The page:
Duties of the Chief Engraver
The two artists had barely begun their labors on the new design when Kneass suffered 'stroke. One reason Patterson asked the Treasury of emergency permission to hire Christian Gobrecht was to avoid interruption' of the coinage for want: Of dies. Equally important to the director was the design project then underway. Gobrecht was soon at the Mint learning what additional skills were necessary for the performance of his duties;
The engraver's duties had drastically changed over the decades. Only in. 1793 were significant design elements hand engraved. Thereafter, device punches were used extensively. Beginning in 1796, eagle hubs (With incuse motto E PLURIBUS UNUM) were raised from matrices or master dies. Until the 1830s, berries, some leaves, letters; and stars had to be punched by hand into working dies often by assistants. Thereafter, hubs complete except for dates, sank working dies, often requiring strengthening by the engraver's hand. Certain employees of the coining department were assigned as needed to produce the bulk of the working dies. The primary duty: of the engraver was to .create new designs;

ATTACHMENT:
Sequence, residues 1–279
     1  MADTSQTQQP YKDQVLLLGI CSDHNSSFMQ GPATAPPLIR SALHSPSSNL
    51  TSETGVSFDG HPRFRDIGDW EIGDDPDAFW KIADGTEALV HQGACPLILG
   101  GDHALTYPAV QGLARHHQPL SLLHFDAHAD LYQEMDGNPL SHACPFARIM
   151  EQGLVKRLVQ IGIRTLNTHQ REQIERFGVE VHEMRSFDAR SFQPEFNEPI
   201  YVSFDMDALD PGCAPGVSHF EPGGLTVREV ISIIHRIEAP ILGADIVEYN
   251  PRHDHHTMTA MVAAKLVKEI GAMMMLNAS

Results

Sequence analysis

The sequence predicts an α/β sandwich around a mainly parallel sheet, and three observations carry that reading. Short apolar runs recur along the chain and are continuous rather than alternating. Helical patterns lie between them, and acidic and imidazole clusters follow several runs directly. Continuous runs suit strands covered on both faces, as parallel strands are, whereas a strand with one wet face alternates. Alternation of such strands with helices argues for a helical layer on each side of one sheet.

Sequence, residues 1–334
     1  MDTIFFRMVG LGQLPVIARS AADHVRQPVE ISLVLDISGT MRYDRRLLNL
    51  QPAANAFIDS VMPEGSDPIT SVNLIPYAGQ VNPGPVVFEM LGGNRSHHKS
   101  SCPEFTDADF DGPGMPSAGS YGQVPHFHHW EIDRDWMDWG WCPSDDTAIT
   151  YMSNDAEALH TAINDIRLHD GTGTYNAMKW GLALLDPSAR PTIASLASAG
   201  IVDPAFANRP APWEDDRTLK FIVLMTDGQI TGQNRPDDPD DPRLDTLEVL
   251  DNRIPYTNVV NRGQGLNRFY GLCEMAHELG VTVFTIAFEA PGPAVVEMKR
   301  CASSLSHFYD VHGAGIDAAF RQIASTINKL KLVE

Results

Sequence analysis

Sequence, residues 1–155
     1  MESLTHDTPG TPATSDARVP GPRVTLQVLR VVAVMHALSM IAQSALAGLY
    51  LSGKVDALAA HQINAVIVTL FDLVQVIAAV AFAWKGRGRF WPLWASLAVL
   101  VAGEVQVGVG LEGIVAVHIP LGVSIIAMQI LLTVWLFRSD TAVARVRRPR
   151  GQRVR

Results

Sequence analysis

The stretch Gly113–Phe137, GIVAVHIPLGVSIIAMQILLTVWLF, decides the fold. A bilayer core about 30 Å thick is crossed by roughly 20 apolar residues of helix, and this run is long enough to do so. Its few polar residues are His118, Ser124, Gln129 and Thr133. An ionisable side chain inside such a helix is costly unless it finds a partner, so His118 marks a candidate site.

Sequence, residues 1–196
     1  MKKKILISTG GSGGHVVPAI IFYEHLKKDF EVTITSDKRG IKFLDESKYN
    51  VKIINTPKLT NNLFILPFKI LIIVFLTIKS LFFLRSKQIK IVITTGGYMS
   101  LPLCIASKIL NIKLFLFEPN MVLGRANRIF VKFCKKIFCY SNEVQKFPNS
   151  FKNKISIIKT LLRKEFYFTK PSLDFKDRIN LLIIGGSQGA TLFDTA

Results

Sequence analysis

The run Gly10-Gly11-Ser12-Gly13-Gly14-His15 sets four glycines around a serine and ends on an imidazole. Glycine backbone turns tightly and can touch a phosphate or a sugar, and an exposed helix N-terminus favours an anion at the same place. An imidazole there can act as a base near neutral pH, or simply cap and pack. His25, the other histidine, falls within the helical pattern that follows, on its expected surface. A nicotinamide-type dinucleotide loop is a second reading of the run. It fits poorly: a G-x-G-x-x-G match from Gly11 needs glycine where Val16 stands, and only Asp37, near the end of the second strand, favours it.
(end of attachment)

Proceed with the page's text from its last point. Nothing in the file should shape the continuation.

There is some uncertainty as to when certain steps in this overall system went into operation, and it may be that Engraver (1793-1823) Robert Scot simply gave up several of his duties to Eckfeldt as time went on. Scot was.79 years of age when he died in office and could not have been too active in the preparation of working dies for Some years before that. It was not until the 1850s, and after a considerable amount of infighting, that Engraver James B. Longacre was able to recover the functions of his office from then Chief Coiner Franklin Peale.
Miss Liberty, by William Kneass
The Liberty Seated Figure
On September 5, 1835, Patterson sent Thomas Sully a case of British coins and medals to guide him in the preparation of a seated figure of Liberty. We have no list of what was contained in the package, but it is highly likely that there were several representations of Britannia, a well-known figure on coins and medals of that nation.
Britannia, although first used on British coinage under King Charles II in the 1670s, was actually an ancient device. Some of the early Greek coins had superb renderings of seated figures, and these were adapted by Roman engravers under the Empire. Several emperors used one seated figure in particular to represent Britain. Antiquarians in Britain were well aware of the Roman usage and persuaded Charles II that the figure was ideal for British coinage. It has seldom been absent since that time.
There is a story that the king, in choosing to recreate Britannia on the coinage, was also honoring one of his mistresses. The Duchess of Richmond is said to have posed for the London Mint engravers at the king's express command. The story is quite in character for Charles II.